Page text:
NARA clarifies demands on Web site snapshots

NARA clarifies demands on Web site snapshots

BY PATRICIA DAUKANTAS | GCN STAFF

A barrage of questions and complaints from agencies has forced the National Archives and Records Administration to clarify its requirements for saving snapshots of Clinton administration Web sites.

Although the March 20 deadline for sending the Web snapshots to NARA hasn't changed, the records agency will heed agency worries that the disclosures could lead to security breaches.

Preservation of an outgoing administration's Web sites wasn't an issue during the last White House transition because the Web was in its infancy in 1993.

'This is kind of new for everybody, which is why it has gained such a profile,' said Edwin McCeney, NARA's Archival Preservation System product manager.

To preserve the look and feel of federal sites at the end of the Clinton administration, NARA on Jan. 12 asked all agencies to archive their sites. Initial requirements drew complaints from webmasters about the short notice [GCN, Feb. 5, Page 1].

More than 40 agencies sent representatives to an informational forum NARA held on Feb. 9, said Nancy Allard, a member of NARA's policy and communications staff.

'Once we removed the mysterious cloud of procedure, the agencies are willing and able to make the deadline,' McCeney said.

After the meeting, NARA revised its list of frequently asked questions about records management, at www.nara.gov/records/faq05-01.html.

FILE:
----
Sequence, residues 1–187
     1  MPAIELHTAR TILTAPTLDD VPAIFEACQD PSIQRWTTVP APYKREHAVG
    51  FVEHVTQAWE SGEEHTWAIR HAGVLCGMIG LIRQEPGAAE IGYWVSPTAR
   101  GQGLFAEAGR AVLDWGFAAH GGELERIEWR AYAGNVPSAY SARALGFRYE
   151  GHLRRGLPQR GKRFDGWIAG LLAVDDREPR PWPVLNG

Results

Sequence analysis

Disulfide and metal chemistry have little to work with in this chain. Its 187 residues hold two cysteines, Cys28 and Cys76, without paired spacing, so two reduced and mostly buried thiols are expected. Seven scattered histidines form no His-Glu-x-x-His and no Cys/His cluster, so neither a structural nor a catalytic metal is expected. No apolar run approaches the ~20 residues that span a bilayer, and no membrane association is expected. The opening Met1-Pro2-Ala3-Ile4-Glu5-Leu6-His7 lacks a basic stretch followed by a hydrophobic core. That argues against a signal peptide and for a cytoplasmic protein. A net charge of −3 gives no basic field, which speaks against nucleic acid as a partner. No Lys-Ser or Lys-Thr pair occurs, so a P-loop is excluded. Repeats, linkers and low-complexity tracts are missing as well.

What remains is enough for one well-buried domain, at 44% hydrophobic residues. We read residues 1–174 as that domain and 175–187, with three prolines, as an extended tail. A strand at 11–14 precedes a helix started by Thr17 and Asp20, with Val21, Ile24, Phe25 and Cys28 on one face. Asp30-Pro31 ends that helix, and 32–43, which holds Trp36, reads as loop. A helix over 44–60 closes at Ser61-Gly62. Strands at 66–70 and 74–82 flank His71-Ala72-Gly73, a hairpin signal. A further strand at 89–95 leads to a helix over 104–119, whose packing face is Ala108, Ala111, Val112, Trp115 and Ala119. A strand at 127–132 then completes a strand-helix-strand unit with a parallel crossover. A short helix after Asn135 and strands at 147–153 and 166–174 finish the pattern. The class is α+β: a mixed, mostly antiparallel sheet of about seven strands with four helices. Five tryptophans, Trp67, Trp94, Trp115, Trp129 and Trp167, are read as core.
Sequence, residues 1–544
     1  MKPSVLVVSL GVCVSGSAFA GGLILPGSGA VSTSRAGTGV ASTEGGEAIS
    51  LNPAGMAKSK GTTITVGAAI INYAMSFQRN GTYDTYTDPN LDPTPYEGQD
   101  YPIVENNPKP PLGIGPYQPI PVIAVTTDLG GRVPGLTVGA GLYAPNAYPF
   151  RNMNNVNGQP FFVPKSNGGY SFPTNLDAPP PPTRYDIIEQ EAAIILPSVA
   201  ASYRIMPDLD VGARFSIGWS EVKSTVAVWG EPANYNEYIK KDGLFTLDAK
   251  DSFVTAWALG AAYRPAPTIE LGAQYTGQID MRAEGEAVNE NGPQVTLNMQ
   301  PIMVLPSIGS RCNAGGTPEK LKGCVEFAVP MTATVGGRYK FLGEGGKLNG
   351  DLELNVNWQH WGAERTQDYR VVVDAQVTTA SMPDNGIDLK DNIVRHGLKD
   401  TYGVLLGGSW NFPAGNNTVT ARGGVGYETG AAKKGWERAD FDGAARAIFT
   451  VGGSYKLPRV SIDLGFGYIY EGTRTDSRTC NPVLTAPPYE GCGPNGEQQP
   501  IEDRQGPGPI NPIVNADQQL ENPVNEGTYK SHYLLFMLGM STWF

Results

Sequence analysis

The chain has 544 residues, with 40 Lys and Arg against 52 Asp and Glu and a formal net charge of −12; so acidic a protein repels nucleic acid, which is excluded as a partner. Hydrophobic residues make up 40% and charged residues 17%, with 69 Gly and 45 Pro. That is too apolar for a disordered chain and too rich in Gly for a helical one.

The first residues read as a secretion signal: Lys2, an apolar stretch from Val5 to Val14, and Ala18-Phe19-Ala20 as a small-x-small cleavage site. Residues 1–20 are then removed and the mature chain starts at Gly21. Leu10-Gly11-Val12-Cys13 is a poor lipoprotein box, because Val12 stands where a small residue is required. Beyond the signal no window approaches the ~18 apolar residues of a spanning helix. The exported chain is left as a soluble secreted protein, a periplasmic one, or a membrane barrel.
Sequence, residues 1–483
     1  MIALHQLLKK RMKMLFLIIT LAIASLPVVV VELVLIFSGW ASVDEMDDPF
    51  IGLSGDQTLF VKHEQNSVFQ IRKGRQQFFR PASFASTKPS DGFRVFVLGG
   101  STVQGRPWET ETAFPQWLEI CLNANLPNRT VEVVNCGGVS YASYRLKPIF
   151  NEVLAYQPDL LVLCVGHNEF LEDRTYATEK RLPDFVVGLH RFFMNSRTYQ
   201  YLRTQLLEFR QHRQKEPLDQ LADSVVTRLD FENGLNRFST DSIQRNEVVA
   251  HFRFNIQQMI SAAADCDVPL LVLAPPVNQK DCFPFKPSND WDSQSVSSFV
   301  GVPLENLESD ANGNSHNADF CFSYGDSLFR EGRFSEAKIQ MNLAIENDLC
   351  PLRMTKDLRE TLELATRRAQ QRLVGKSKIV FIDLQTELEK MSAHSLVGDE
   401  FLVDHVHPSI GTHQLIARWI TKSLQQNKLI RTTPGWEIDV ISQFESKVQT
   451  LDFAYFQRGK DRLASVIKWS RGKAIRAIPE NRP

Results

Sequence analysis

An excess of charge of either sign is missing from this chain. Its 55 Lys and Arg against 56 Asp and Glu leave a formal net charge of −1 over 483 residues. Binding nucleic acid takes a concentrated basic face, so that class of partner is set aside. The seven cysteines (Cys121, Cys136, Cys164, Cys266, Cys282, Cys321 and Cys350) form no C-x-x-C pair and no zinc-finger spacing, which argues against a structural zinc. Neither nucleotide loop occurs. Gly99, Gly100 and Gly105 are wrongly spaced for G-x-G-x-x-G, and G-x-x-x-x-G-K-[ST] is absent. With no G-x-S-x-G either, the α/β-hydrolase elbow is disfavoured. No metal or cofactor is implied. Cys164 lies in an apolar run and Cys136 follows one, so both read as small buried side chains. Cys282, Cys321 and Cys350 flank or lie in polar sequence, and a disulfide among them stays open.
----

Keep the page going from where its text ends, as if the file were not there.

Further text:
The revised FAQ list addresses concerns about computer security. Some agencies fear that revealing too much about their Web infrastructures will leave them vulnerable to outside attack, Allard said. On the other hand, NARA needs some of the information in case its technicians have problems with the snapshot tapes.

Know your info

Also, in the long term, the information will be important to researchers who want to know how the Web sites of the first Internet-era presidency were put together, Allard said.

'NARA recognizes that some of the information agencies are providing on the Web Site Description Form relating to hardware, operating systems and configuration must be protected as sensitive computer security information,' the FAQ list noted.

As long as the data remains current, NARA will exempt it from the Freedom of Information Act.

In other clarifications to the snapshot policy, NARA will accept documentation in Hypertext Markup Language instead of ASCII text files. Agencies do not have to tell NARA what authoring tools they used or send copies of the tools.

Despite agencies' initial complaints, NARA has not extended the deadline for snapshots and documentation past March 20. Agencies that are having trouble meeting the deadline should contact NARA as soon as possible to discuss their concerns.

NARA set the deadline early because a longer time frame would have encouraged managers to give the snapshots low priority, Allard said. 'When you have competing priorities, you work toward the closer deadline,' she said.

As of Feb. 23, 54 agencies had submitted their Web snapshots to NARA's Electronic and Special Media Records Services Division, McCeney said.
The Web preservation program has been as much of a challenge for NARA as for other agencies because it's never been done before, McCeney said.

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